Wednesday, February 02, 2005

Amazon Prime has long had a free ground shipping option at the $25 mark for most regular-sized products. This has entailed much wriggling and tweaking to cross the mark and get the free shipping - who likes to pay for shipping any way?

Amazon has now introduced a new program - Amazon Prime - that provides free second-day shipping ("All You Can Eat" Express Shipping) on most items without any minimum shopping requirements or bundling needs (combining items into lesser shipments). This is available at a price of $79 a year. Overnight shipping under this plan will be $3.99 - which is again much less than normal.

Current shipping models and rates will continue outside this program - for now.

The implications of this program are enormous. Firstly, evidently Amazon is able to better leverage pricing with the shippers - allowing them greater flexibility in the order fulfilment process. Look for Amazon to acquire/embrace a shipping company - this would mean near-complete vertical integration, and even greater cost efficiency.

Secondly, for frequent shoppers (like me), this can work out to pretty good savings. (I am currently working out an Excel on break-even purchasing)

Amazon Prime at work

It also further extends Amazon's utilization of their single-click patent - If signed in and using the Single-Click option, you see additional buttons for Prime purchases, although you can add to the shopping cart and apply the Prime option later too.

Finally, it should drive up sales for Amazon - people will be more inclined to buy if they can pick up the odd book or two without having to jump through hoops to get it shipped fast and free.

The signup price is steep - and adoption rates may be low initially, until the value is perceived.

Update: I worked out some numbers that would make this palatable. Using the Amazon shipping rates for 2-day shipments, not taking into account the per-shipment charges, and assuming purchases of books, music and CDs, it would take a purchase volume of 25 books, 15 CDs and 2 electronic items(approx 6 lbs per item) to cover the cost of approx $76. Alternatively, it would take about 4 shipments in the (slower) super saver shipping scheme. So if this works for you, give it a shot.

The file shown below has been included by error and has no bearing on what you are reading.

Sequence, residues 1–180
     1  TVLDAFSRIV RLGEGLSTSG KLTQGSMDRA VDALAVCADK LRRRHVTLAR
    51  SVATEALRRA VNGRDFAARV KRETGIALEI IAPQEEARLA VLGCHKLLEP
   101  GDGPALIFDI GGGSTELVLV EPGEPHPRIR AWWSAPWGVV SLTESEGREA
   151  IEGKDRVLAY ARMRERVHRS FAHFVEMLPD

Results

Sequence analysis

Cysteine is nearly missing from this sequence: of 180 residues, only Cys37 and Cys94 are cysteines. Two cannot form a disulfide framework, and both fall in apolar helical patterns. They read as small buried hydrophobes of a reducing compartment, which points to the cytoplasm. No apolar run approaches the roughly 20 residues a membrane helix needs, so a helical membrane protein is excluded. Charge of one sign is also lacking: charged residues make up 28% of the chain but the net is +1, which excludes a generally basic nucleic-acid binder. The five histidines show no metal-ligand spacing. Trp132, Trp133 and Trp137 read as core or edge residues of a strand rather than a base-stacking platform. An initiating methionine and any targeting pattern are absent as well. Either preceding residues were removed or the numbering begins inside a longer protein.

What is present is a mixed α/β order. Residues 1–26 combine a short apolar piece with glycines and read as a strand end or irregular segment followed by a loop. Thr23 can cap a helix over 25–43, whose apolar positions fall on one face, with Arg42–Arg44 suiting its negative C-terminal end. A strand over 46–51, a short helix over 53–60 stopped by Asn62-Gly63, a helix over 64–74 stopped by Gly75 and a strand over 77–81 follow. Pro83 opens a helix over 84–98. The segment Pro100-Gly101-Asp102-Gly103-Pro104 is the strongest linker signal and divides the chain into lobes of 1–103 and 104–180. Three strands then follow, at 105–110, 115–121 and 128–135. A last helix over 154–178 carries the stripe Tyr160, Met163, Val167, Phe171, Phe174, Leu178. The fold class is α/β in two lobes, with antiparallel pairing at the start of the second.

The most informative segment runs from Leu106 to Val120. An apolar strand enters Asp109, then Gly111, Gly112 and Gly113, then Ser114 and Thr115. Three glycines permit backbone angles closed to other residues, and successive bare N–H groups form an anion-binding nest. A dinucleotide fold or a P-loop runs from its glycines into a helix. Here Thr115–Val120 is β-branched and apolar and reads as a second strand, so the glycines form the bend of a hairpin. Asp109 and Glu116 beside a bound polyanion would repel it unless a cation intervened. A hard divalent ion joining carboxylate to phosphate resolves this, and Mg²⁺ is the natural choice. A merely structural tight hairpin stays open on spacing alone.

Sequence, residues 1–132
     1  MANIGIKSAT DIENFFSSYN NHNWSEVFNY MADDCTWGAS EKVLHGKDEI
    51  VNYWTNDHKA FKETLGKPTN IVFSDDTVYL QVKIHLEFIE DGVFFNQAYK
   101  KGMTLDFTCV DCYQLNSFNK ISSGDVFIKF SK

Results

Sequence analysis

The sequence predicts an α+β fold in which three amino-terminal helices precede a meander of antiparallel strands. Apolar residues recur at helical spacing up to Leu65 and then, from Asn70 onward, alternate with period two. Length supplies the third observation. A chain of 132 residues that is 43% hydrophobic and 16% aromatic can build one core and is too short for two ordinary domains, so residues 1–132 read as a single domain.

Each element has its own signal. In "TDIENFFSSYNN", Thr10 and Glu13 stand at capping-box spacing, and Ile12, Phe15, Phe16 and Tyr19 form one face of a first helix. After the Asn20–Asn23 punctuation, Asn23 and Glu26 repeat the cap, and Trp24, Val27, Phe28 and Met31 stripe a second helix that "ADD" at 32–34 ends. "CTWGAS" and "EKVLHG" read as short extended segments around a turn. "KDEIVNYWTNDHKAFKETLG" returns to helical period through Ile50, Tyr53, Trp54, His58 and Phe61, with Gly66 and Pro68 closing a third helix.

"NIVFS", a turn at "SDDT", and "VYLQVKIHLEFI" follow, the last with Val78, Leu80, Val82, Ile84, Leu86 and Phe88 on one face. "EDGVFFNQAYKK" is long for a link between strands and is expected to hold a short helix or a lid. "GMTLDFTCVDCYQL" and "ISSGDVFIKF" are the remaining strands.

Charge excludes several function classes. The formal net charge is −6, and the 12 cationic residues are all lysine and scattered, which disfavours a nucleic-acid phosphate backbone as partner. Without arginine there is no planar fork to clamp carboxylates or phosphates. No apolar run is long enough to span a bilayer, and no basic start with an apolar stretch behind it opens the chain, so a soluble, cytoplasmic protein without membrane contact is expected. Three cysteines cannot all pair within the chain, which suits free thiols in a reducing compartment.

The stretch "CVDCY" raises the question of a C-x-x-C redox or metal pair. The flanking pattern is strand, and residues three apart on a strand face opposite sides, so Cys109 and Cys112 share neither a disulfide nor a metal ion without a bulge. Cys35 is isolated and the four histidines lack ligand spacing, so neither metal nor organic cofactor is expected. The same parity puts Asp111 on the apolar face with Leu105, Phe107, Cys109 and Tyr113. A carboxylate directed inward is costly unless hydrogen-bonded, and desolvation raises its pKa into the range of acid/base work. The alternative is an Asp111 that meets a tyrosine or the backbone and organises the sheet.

Updates: Slashdot has had an entertaining discussion on this issue. I especially like this bit:

Amazon Prime? (Score:5, Funny)
by techsoldaten (309296) * Alter Relationship on Wednesday February 02, @03:25PM (#11555015)
( | Last Journal: Monday November 08, @04:54PM)
Does Amazon Prime compete with Optimus for leadership of the Autobots?

Perhaps he is the UPS truck to Optimus's tractor trailer?

[ Reply to This ]

Dunno... (Score:0)
by Anonymous Coward on Wednesday February 02, @03:34PM (#11555106) can ask Optimus [] yourself.
[ Reply to This | Parent ]
Re:Amazon Prime? (Score:0)
by Anonymous Coward on Wednesday February 02, @03:43PM (#11555214)
Yeah they do compete. Remember from family
Peter: Optimus Prime? He's Jewish!
[ Reply to This | Parent ]
Re:Amazon Prime? (Score:1)
by dabigpaybackski (772131) Alter Relationship on Wednesday February 02, @03:47PM (#11555282)
Does Amazon Prime compete with Optimus for leadership of the Autobots?

Don't be silly. Optimus' authority is beyond dispute, and Autobots never fight Autobots.

I am offended by your Decepticon-ish post. Did Starscream put you up to this?
[ Reply to This | Parent ]

Boingboing picks up on it - thinks it is a good idea. I'm tempted, too. In fact, everytime I buy a product, I'm going to be doing the math - this might actually complicate my buying decision - never a good thing in retailing.

What really irks me is this should be free anyway - I know of excellent sites like zipzoomfly that regularly give free 2-day shipping to everyone. Amazon is asking you to pay upfront for it. Furthermore, the only ones who will really benefit will be big shoppers, who should be coddled according to CRM, not bound hand and foot.

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